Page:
01/03/19Global Issues 

AquaFed Viewpoint - Private operators can play a much bigger role in international development on water

Private operators can play a much bigger role in international development on water

22 February 2019

Governments from around the world continue to support efforts to increase access to water and sanitation services in developing countries. As well as financial support, ministries from developed countries also offer technical assistance and convene expertise. However, private operators’ skills are not being utilised. Their huge potential to boost WASH services and help meet SDG6 targets are not being harnessed. AquaFed has written to the German government and other ministries, calling for private operators to be brought in to add further value to existing international development efforts.

Key Messages

  • The crucial role the private sector must play in achieving SDG6 targets was recognised at the UN High Level Political Forum in 2018.
  • Private operators can support public authorities in making utilities more efficient, which in turn will enable the utility to attract wider sources of finance that it needs.
  • Tax-payers money is used for international development work, and greater utilisation of private operator expertise can mean that these funds are used more effectively and efficiently.


Recently, the German government declared it will increase funds for water management in developing countries in Africa. These partnerships will assist countries in developing their water and sanitation systems and services.

However, as we know, inefficient utilities and water and sanitation services, an inability to recover costs and weak governance, continue to hold back many countries’ water and sanitation efforts across the world. These factors were highlighted again recently by many experts including Professor Rolfe Eberhard, through the excellent GIZ/OECD work on blended finance.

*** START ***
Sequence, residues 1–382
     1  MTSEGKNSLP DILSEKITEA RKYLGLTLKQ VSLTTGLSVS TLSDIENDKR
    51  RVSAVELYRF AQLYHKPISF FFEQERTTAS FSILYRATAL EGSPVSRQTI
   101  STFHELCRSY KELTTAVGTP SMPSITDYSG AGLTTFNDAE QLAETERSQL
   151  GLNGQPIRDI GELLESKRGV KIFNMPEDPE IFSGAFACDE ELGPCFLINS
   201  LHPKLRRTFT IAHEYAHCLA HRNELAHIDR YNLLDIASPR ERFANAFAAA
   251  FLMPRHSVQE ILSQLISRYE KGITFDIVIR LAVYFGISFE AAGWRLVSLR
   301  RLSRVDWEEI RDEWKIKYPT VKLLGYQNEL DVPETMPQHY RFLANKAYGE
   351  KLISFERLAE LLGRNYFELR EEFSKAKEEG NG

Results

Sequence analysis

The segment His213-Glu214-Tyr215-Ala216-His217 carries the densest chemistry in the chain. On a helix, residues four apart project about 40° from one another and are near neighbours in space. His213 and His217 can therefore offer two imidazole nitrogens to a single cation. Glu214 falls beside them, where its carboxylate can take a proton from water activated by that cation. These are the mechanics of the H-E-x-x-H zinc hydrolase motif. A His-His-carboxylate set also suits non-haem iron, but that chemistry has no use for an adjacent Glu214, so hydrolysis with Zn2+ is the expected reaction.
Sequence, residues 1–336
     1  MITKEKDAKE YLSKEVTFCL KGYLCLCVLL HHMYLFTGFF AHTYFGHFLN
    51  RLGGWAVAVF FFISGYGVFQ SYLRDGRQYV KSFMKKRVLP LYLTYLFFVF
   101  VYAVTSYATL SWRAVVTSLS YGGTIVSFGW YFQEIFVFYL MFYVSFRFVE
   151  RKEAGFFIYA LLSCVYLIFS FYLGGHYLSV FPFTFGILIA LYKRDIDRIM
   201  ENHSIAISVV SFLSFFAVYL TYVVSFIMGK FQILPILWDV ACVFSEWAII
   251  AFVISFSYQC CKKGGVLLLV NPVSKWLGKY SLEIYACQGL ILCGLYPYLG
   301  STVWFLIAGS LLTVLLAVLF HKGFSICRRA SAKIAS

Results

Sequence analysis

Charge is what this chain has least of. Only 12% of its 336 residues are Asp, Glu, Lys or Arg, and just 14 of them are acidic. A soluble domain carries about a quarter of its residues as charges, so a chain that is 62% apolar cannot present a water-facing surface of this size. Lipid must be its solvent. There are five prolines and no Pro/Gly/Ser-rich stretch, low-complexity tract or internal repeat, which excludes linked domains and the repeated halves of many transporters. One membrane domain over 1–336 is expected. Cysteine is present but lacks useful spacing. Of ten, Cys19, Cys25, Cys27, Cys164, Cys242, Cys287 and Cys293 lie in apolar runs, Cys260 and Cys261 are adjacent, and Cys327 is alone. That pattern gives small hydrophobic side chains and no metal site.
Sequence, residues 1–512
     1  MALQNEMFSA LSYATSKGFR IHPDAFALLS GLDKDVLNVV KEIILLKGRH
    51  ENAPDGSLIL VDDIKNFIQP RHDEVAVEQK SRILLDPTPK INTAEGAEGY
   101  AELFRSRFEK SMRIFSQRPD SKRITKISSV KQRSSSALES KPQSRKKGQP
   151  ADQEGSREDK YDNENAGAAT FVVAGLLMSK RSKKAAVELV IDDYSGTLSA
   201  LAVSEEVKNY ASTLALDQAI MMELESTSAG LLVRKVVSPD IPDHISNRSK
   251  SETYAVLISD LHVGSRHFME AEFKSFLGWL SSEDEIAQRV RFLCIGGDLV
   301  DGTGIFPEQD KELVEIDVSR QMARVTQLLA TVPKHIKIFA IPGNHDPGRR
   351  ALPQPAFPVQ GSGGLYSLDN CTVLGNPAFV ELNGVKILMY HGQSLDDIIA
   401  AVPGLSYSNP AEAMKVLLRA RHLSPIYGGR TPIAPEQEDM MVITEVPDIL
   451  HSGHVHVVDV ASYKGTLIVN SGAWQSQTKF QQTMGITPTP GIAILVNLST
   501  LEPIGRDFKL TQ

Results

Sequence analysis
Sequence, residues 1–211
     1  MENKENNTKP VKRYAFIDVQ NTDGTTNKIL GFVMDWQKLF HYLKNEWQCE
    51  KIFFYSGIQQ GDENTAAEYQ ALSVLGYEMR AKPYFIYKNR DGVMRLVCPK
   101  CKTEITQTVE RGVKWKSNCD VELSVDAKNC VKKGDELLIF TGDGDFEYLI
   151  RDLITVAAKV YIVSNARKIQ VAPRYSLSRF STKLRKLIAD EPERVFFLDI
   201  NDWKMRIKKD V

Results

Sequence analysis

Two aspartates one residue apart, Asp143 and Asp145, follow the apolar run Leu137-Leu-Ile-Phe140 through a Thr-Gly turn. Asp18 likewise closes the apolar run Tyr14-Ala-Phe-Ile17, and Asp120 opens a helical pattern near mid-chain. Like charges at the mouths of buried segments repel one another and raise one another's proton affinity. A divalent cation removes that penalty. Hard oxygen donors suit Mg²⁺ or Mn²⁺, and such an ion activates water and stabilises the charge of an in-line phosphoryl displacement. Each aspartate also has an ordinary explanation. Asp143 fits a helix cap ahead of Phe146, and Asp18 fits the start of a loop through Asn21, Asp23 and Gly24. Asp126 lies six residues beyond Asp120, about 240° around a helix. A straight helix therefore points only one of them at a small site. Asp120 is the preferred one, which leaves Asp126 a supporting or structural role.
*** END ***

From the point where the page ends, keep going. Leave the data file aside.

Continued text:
Also, at the UN High Level Political Forum last summer, leaders accepted the world is not on track to deliver Sustainable Development Goal 6. During the forum, the crucial role and the need for greater involvement of the private sector was recognised.  UN Deputy Secretary-General Amina Mohammed, said: “The 2030 Agenda cannot be achieved by Governments alone.  To address the needs of the most vulnerable in communities around the world, we need a bolder approach to partnership, a dynamically engaged business community, and new forms of sustainability financing. Businesses contribute to the 2030 Agenda in important ways:  as engines of employment; through technological innovation; as sources of finance; and with market-based solutions that bring opportunities for women, young people and vulnerable groups.”

Taking all these factors together, private water operators’ expertise and our capability to take functional risks and financial responsibility, means that we should also be an essential part of government efforts to improve water management in developing countries. Our members work every day under the control of public authorities across the world. We also have many-years-experience working alongside public operators for example under the Global Water Operators Partnership of the UN (GWOPA), and through other international fora such as the Sanitation and Water for All Partnership.

We want to help make sure that public funds are best utilised to deliver real and crucially, sustainable and lasting change in developing countries. This involves development work that is delivery focused, with outcome-based contracts, and stronger incentives for long-term focused engineering and service-provision. Private operators stand ready to provide even further support on these crucial matters.

 

 

(photo: Courtesy of LYSA Group, AquaFed's member with operations in Haiti, SESAM)